ydoaPs Posted December 16, 2006 Share Posted December 16, 2006 I was playing around with my calculator during class the other day. (Yes, I still don't pay attention in class.) In doing so, I discovered something. [math]n^2=1+2+3+...+(n-1)+n+(n-1)+...+3+2+1[/math] Is there a name for this? Link to comment Share on other sites More sharing options...

woelen Posted December 16, 2006 Share Posted December 16, 2006 This is fairly basic math. In fact, if you sum up powers of i, with i ranging from 1 to n, then you'll see that summing a k-th power yields a number of k+1th power (plus some correction terms of lower power). This can be connected to integrating functions. If you take the integral of x^k, then the result has power k+1. In your case, you can connect it to integrating x, which gives an expression of order x^2. Link to comment Share on other sites More sharing options...

ydoaPs Posted December 16, 2006 Author Share Posted December 16, 2006 So, no name? Link to comment Share on other sites More sharing options...

EvoN1020v Posted December 17, 2006 Share Posted December 17, 2006 I'm thinking perhaps "factorial"? i.e. 5! = 5x4x3x2x1 n(n-1)(n-2)(n-3)...1 But it probably doesn't fit with your pattern because you are adding the terms. It looks like if a person is starting at the bottom of a mountain, and it's going uphill. Then at the top of the peak, it goes downhill back to the bottom. Anyways. Link to comment Share on other sites More sharing options...

uncool Posted December 17, 2006 Share Posted December 17, 2006 It would usually be done wth mathematical induction - each time, you add 2n + 1, making the numbe ron the left side n^2 + 2n + 1 = (n+1)^2, and as you have a base case with 1 working, mathematical induction guarantees it for all n. =Uncool- Link to comment Share on other sites More sharing options...

The Thing Posted December 19, 2006 Share Posted December 19, 2006 Arithmetic Series. Get the value of [math]1+2+3+...+n[/math], add it to [math](n-1)+(n-2)+...+1[/math]: [math]\frac{n(n+1)}{2}+\frac{n(n-1)}{2}[/math] Simplify, gives the series as [math]n^2[/math]. Link to comment Share on other sites More sharing options...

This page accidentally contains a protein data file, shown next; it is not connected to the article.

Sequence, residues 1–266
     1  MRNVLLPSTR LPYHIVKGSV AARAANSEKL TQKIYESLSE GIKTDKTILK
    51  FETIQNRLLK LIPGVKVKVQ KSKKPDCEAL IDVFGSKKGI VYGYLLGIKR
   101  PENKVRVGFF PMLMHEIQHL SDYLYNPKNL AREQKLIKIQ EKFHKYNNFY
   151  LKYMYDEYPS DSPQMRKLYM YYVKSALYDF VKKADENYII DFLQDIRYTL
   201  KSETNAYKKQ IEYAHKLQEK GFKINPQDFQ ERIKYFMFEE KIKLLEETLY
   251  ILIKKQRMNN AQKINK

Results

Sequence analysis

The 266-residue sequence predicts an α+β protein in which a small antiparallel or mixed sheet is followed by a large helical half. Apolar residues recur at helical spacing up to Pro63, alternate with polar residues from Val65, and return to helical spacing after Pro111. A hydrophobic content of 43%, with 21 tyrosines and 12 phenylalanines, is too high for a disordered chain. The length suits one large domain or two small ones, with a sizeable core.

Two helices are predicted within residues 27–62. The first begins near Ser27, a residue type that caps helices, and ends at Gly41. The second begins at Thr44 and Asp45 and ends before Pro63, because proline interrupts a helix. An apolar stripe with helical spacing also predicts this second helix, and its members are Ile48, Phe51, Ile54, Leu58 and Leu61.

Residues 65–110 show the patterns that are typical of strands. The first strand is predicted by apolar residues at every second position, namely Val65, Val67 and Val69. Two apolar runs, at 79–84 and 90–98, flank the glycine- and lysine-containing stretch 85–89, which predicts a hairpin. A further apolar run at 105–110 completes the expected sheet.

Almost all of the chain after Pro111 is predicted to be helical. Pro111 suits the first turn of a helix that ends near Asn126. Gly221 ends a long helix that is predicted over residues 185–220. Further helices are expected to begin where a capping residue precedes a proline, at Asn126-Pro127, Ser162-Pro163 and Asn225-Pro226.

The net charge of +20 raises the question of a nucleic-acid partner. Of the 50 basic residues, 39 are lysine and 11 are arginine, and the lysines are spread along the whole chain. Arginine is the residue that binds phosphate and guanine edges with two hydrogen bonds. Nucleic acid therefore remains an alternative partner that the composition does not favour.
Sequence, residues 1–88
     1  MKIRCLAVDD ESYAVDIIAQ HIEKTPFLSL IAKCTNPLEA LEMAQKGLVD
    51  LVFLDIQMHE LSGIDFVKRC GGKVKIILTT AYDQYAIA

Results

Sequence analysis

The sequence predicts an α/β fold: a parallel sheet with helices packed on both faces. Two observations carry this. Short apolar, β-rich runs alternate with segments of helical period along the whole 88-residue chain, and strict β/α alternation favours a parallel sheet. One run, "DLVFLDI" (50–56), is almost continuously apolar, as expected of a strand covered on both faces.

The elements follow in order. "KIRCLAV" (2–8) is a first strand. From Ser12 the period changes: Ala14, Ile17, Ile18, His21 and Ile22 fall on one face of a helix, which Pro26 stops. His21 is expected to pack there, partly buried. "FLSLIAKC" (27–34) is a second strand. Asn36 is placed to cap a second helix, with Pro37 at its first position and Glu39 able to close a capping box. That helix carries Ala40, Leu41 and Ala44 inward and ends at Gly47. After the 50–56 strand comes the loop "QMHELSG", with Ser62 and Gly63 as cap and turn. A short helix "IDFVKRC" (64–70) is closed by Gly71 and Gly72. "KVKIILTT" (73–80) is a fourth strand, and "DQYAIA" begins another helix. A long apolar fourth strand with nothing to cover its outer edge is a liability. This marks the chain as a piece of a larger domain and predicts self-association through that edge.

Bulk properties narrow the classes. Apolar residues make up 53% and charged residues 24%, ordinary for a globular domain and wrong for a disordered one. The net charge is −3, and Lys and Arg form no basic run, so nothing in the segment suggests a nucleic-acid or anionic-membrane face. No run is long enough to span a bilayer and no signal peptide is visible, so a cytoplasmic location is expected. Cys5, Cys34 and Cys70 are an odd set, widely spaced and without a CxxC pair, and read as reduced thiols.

John Cuthber Posted December 20, 2006 Share Posted December 20, 2006 Or, if you prefer a geometric equivalent, the 2 halves of the expression on the right are 2 triangles, put together with a line of n "stars" they form a square. * *** ** ** *** * **** Can someone who understood that and who has a better graphics package than me draw that please? Link to comment Share on other sites More sharing options...

The Thing Posted December 21, 2006 Share Posted December 21, 2006 Hey, that's quite nice! Put the series in pairs like this: [math]1+n-1+2+n-2+...+n-1+1+n[/math] [math]=n+n+n...+n[/math]. There are [math]n[/math] n's adding together. Which is the square that John drew above. So: [math]n^2[/math] is the series's sum. Link to comment Share on other sites More sharing options...

ssd Posted February 4, 2007 Share Posted February 4, 2007 Hey, that's quite nice! Put the series in pairs like this: [math]1+n-1+2+n-2+...+n-1+1+n[/math] [math]=n+n+n...+n[/math]. There are [math]n[/math] n's adding together. Which is the square that John drew above. So: [math]n^2[/math] is the series's sum. Very nice and quite emphatic. Link to comment Share on other sites More sharing options...

alex Posted February 23, 2007 Share Posted February 23, 2007 cool Link to comment Share on other sites More sharing options...

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